Given the existing widespread use of Google Forms in education it was nice for this to be acknowledged and also to see Automagical Forms getting mentioned.
2021 was also a year for Platform milestones, Google Workspace grew to more than 3 billion users globally, we reached more than 5,300 public apps in the Google Workspace Marketplace, and we crossed over 4.8 billion apps installed (up from 1 billion in 2020)! We were also busy bringing Platform innovations and improving our developer experience to help building for Google Workspace easier and faster. Here’s a look at some of the key enhancements the Google Workspace Platform brought to the developer community.
There were a number of announcements for Google Workspace developers in 2021 and in this post Charles Maxson provides a summary of the key points.
The post from Google contains more information about the benefits of using a promotional badge and how to get on for your Google Workspace Marketplace add-ons.
Google is proud to announce the Google Forms API! The Forms API is currently available in Restricted Beta, with Open Beta expected to follow in Q4. … The new Google Forms API provides programmatic access for managing forms and acting on responses, empowering developers to build powerful integrations on top of Forms.
The Forms API is currently in Restricted Beta. We encourage you to apply here to be an early adopter to get started with the API today! We’ll also send you important updates about Open Beta and improvements to the API. To keep up to date with all the APIs of your favorite Google Apps, please subscribe to the Google Workspace Developer Newsletter.
On Totally Unscripted we were delighted to have Christian Schalk (Developer Advocate, Google) and Hannah Pho (Software Engineer, Google) as well as early Forms API partners Charles Kemp (Strategic Alliances Manager, Zapier) and Charles Wiles (CEO, Zzish), talk about the new Forms API. A recording of the show is on YouTube and show notes will soon be added to the Totally Unscripted website.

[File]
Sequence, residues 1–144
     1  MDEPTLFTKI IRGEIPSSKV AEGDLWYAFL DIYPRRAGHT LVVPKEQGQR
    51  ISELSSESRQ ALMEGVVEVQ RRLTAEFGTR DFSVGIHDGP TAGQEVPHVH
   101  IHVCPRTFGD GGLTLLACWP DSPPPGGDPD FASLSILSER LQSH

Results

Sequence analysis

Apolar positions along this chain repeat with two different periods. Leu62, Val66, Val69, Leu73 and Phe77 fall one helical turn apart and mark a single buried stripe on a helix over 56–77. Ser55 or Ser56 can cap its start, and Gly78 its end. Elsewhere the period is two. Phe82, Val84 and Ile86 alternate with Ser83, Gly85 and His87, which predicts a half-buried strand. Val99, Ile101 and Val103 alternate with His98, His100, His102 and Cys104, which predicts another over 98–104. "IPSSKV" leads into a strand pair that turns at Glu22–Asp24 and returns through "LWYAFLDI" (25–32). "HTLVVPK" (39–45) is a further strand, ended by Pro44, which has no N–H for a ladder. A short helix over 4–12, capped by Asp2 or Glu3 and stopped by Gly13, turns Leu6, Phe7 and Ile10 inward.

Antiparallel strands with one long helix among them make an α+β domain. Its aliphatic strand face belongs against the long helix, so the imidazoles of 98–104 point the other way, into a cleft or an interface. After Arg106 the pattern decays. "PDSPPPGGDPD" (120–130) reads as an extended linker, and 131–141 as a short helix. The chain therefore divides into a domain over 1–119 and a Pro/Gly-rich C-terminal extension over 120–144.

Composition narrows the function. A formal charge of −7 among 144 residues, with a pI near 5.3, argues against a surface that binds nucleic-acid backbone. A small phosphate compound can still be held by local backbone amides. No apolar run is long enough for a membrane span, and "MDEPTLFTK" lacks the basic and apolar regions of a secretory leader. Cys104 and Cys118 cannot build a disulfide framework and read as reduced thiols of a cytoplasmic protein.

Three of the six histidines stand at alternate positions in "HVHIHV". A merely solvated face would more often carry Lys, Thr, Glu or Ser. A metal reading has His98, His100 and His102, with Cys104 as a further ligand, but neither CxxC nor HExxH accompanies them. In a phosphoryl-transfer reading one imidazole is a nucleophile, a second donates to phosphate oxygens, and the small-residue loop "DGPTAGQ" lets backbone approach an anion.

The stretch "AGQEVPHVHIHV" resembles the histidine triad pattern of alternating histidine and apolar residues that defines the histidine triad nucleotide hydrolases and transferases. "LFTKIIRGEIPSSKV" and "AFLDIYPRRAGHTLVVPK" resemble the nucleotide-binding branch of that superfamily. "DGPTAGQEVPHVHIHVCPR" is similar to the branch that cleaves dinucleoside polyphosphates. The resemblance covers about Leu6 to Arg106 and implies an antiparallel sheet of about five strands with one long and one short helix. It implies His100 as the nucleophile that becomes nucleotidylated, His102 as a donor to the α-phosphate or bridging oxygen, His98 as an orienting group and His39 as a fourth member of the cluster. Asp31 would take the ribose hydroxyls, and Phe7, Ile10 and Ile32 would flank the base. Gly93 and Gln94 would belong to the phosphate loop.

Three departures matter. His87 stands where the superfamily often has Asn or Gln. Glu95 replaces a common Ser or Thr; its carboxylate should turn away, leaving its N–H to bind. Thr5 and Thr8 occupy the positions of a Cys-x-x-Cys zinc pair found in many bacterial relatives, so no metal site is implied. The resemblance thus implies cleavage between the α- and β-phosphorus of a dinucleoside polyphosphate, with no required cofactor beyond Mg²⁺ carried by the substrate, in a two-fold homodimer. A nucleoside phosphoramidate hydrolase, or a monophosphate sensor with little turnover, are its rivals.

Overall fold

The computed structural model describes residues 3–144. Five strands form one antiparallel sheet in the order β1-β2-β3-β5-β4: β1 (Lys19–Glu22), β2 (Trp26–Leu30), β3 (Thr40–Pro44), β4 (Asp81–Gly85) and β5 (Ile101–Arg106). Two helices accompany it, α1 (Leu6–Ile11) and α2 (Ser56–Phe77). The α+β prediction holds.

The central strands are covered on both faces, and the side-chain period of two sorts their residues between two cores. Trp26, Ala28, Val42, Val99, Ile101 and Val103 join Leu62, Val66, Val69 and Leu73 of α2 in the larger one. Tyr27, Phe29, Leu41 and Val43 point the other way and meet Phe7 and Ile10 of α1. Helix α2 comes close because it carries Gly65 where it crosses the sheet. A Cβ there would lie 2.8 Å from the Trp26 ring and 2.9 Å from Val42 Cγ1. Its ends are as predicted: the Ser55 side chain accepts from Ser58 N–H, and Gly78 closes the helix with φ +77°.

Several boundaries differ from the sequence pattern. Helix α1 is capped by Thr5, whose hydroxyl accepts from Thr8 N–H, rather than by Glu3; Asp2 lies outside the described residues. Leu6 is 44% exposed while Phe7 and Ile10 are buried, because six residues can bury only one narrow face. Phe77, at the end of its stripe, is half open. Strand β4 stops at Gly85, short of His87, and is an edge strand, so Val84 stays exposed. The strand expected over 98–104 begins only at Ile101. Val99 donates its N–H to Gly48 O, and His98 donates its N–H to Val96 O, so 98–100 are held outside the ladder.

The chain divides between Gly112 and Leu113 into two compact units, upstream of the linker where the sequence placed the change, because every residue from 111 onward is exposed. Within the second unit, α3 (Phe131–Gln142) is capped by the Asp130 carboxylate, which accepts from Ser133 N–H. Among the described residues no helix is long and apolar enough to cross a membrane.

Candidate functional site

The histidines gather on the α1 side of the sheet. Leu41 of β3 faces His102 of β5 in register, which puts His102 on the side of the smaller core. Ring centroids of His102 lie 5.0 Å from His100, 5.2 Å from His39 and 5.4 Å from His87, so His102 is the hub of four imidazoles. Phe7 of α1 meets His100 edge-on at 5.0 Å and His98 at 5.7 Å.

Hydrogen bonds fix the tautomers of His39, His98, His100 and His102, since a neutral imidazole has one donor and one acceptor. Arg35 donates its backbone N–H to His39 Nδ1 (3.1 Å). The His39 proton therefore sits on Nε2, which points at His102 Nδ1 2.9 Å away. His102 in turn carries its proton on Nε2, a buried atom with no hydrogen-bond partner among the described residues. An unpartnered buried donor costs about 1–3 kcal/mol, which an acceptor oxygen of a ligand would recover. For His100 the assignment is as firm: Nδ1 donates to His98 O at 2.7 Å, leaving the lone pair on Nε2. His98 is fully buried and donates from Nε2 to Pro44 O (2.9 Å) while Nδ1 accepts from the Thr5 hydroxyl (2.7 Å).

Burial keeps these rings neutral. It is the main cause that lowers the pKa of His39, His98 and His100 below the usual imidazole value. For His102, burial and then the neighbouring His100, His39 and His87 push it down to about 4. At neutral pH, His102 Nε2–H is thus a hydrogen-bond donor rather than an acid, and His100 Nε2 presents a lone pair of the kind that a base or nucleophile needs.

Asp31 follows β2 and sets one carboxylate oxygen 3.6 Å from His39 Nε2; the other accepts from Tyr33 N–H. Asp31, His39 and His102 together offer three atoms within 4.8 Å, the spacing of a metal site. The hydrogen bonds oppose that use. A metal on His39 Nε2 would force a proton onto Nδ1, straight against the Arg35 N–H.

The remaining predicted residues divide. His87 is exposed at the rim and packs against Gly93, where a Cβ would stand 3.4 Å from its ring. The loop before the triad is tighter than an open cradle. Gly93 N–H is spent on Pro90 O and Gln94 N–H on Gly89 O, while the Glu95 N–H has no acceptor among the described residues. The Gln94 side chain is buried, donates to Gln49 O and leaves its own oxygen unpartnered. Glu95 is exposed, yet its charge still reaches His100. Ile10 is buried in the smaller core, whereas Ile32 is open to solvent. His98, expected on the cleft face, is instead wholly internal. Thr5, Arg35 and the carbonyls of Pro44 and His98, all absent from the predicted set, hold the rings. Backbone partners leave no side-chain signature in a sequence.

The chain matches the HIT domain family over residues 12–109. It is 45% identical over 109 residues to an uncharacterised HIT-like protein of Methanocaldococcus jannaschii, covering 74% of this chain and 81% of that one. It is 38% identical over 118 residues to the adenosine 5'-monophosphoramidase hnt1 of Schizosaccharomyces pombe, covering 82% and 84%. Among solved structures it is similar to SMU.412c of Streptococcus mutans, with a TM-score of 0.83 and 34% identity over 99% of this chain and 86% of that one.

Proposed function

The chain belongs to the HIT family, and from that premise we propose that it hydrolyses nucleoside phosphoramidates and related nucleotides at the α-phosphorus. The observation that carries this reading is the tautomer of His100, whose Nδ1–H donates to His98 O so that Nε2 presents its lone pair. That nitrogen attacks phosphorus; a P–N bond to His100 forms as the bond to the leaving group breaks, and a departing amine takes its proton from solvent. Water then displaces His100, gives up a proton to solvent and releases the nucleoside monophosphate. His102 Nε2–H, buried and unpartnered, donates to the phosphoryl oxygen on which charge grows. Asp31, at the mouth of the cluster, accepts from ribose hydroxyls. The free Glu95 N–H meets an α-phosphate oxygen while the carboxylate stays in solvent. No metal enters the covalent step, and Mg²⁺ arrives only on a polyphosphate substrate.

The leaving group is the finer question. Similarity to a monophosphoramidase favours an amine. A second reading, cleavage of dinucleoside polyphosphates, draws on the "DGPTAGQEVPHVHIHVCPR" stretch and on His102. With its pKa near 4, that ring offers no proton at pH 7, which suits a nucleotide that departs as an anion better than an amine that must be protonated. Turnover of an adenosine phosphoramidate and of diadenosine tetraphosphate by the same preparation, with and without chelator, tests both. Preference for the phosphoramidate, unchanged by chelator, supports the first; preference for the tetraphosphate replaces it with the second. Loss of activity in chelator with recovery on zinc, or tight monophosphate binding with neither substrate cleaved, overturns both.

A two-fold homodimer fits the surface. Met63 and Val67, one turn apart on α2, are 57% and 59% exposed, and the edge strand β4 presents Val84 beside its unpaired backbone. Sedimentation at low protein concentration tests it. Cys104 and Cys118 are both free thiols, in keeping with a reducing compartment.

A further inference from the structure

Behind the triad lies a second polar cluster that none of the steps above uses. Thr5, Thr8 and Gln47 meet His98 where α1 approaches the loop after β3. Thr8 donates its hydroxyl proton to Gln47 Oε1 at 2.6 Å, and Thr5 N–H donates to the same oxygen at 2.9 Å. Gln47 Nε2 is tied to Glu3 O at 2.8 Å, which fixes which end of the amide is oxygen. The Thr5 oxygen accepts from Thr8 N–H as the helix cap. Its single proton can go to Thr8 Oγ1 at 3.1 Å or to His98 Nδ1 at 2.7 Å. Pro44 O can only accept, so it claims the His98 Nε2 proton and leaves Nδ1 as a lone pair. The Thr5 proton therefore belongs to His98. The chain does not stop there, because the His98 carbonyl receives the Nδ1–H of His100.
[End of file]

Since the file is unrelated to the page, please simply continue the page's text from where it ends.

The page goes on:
Developers worldwide are creating open-source tools and tutorials; however, they have difficulty getting them discovered. The content published often spanned on many different sites—from GitHub to Medium. Therefore Google decided to create a space where the best projects related to Google technologies can be highlighted in one place—introducing the Dev Library, a curated archive of projects and articles built specifically using Google technologies.
For Google Apps Script community contributors here’s an opportunity to submit some of your work to be showcased in Google’s new Dev Library:
Not all the articles or projects submitted by you, get on the site! A team of Google experts look for accuracy and relevancy in each featured piece, so you know when you view the content on the site, it has the stamp of approval from Google.
Google Workspace offers a broad set of tools and capabilities that empowers creators and developers of all experience levels to build a wide range of custom productivity solutions. For professional developers looking to integrate their own app experiences into Workspace, the platform enables deep integrations with frameworks like Google Workspace Add-ons and Chat apps, as well as deep access to the full suite of Google Workspace apps via numerous REST APIs. And for citizen developers on the business side or developers looking to build solutions quickly and easily, tools like Apps Script and AppSheet make it simple to customize, extend, and automate workflows directly within Google Workspace.
At Next ‘21 we have 7 sessions you won’t want to miss that cover the breadth of the platform. From no-code and low-code solutions to content for developers looking to publish in the Google Workspace Marketplace and reach the more than 3 billion users in Workspace, Next ‘21 has something for everyone.
Click through to the source to read more about the must-see Google Workspace sessions for developers and creators.
For community members receiving these timely updates, this “bot” may seem magical. In reality, it’s neither magic nor a traditional Chat bot, so the reference in the Chat UI calling it a “bot” is a bit of a misnomer. The Google Updates “bot” is in fact a simple Google Apps Script application that parses the RSS feed about new posts, and sends them asynchronously to the room via webhooks.
We’ve highlighted the ‘Wexbot’ before both in a Pulse post and in a Totally Unscripted episode, but nice to see it also feature in the official Google Developers blog.
Today we are pleased to announce that building Google Workspace Add-ons has evolved once again, this time to offer developers an alternative to using Apps Script for building add-ons with the general availability of Alternate Runtimes for Google Workspace Add-ons.
While Alternate Runtimes enables the same functionality that Apps Script does for building add-ons, the flexibility and the freedom to choose your dev environment plus the opportunity to decouple from Apps Script will likely yield greater developer productivity and performance gains for future projects. This commonly requested feature by Google Workspace solution developers has finally become a reality.
As part of this post there is an example from Riël Notermans, owner of Zzapps (and Google Developer Expert), highlighting some key takeaways on Alternate Runtimes development and deployment.